In 2012, Nokia moved into new offices building which consolidates their Silicon Valley presence from four buildings to one. The project, completed by Gensler, was meant to bring a bit of youthfulness and modernity back to the Finnish phone megacompany.
“As architects, designers, planners and consultants, we partner with our clients on some 3,000 projects every year. These projects can be as small as a wine label or as large as a new urban district. With more than 3,500 professionals networked across 43 locations, we serve our clients as trusted advisors, combining localized expertise with global perspective wherever new opportunities arise.
Our work reflects an enduring commitment to sustainability and the belief that design is one of the most powerful strategic tools for securing lasting competitive advantage.”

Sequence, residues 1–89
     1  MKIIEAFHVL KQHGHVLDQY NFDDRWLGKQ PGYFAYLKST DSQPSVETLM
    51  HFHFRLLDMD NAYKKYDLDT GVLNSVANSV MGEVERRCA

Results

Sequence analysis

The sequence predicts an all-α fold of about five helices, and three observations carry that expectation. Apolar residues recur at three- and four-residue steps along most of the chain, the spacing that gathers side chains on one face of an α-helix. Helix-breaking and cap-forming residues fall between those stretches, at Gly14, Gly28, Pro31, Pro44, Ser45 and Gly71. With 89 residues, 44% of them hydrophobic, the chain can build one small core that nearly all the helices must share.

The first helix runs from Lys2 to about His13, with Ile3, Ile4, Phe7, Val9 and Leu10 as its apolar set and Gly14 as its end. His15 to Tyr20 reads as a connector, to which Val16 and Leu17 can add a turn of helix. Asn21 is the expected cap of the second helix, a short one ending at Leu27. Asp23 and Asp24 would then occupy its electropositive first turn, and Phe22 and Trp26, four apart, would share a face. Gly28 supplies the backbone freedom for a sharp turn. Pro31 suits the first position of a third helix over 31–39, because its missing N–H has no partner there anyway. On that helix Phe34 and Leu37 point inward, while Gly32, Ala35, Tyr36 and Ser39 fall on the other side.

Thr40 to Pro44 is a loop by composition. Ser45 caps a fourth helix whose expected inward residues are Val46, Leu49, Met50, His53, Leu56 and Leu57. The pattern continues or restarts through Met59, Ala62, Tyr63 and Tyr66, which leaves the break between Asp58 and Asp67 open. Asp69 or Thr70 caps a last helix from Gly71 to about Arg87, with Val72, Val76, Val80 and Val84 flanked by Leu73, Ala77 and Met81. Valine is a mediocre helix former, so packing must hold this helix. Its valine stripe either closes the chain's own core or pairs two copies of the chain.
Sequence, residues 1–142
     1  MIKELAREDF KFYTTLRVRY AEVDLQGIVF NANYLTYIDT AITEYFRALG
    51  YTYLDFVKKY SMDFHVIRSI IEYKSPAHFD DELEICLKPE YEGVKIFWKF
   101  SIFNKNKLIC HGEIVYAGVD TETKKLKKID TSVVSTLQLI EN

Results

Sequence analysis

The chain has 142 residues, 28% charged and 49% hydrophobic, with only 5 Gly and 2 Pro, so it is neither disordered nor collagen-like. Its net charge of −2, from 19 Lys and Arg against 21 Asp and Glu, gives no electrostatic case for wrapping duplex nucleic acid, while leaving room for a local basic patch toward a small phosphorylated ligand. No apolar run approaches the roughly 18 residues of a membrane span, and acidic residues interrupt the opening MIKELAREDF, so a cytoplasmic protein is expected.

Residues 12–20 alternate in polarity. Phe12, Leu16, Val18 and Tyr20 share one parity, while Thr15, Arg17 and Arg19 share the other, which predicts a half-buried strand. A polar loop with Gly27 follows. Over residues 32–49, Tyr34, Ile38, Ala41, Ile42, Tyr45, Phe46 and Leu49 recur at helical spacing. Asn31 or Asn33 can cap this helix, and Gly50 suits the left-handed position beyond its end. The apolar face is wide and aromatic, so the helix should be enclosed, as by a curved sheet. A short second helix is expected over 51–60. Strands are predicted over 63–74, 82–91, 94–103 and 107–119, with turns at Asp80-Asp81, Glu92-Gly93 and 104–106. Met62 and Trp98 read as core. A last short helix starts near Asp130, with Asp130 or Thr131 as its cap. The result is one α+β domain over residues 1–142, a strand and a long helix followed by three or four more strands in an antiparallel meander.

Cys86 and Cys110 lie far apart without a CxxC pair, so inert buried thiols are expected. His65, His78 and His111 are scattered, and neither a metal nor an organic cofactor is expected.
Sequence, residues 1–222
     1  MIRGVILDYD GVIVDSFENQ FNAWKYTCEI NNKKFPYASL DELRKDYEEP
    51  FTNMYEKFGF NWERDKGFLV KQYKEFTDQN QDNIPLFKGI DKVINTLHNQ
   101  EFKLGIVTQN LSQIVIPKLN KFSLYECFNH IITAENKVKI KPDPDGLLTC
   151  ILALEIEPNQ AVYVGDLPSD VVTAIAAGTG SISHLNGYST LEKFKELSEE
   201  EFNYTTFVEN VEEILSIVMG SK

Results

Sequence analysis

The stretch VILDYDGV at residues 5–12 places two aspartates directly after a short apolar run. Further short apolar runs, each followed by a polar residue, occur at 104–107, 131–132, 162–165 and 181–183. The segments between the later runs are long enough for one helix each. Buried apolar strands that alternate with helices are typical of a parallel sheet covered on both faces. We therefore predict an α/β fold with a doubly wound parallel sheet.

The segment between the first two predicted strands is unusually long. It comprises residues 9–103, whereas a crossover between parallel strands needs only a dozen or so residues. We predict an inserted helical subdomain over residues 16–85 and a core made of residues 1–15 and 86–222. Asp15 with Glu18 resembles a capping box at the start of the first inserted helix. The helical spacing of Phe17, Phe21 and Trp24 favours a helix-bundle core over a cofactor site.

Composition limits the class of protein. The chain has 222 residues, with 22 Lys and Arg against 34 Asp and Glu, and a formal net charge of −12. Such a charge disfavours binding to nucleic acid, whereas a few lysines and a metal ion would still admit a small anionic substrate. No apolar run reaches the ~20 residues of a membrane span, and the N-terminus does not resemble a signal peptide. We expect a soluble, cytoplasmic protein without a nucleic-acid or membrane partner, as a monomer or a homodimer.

“Gensler designed [the building] for the on-the-go, all-hours workday, providing such amenities as wellness suites with daybeds and showers and ad hoc brainstorming pods scattered with beanbags. Available when employees need to use a computer too big to fit in their pocket, even the workstations are multitaskers, boasting storage units that convert into chairs for impromptu powwows.”
“Each floor contains print centres, centralized communal spaces called Hubs, and two Douglas Fir–wrapped structures dubbed the “saunas.” At the peripheries, more than 150 custom Steelcase desks are arranged into “neighbourhoods,” each associated with a different research group, and each assigned a dedicated conference space and a private phone room, which provide a quiet respite. Nearly every vertical surface is designed to be interactive.
However, it was clear on a recent visit, just after the offices opened in December, that employees were still figuring out how to use these features; on pin-up walls, they’d tacked up maps of the building, while wall-mounted monitors shouted, “Touch Me!” and whiteboard walls begged, “Draw on Me.”